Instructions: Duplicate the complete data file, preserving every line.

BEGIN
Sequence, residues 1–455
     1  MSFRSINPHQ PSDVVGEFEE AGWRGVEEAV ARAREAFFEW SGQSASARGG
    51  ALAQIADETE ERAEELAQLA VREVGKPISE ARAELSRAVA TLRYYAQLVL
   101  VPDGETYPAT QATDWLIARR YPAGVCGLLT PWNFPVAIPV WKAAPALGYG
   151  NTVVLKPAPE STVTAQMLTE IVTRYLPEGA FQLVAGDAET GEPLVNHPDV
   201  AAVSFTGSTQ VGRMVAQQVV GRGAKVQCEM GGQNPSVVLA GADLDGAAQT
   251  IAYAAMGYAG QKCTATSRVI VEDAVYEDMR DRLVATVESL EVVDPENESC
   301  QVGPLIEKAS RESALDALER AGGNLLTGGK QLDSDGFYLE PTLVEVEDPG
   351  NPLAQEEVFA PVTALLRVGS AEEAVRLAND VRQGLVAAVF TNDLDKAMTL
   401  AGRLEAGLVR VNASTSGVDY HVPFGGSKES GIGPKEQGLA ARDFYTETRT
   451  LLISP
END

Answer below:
Sequence, residues 1–455
     1  MSFRSINPHQ PSDVVGEFEE AGWRGVEEAV ARAREAFFEW SGQSASARGG
    51  ALAQIADETE ERAEELAQLA VREVGKPISE ARAELSRAVA TLRYYAQLVL
   101  VPDGETYPAT QATDWLIARR YPAGVCGLLT PWNFPVAIPV WKAAPALGYG
   151  NTVVLKPAPE STVTAQMLTE IVTRYLPEGA FQLVAGDAET GEPLVNHPDV
   201  AAVSFTGSTQ VGRMVAQQVV GRGAKVQCEM GGQNPSVVLA GADLDGAAQT
   251  IAYAAMGYAG QKCTATSRVI VEDAVYEDMR DRLVATVESL EVVDPENESC
   301  QVGPLIEKAS RESALDALER AGGNLLTGGK QLDSDGFYLE PTLVEVEDPG
   351  NPLAQEEVFA PVTALLRVGS AEEAVRLAND VRQGLVAAVF TNDLDKAMTL
   401  AGRLEAGLVR VNASTSGVDY HVPFGGSKES GIGPKEQGLA ARDFYTETRT
   451  LLISP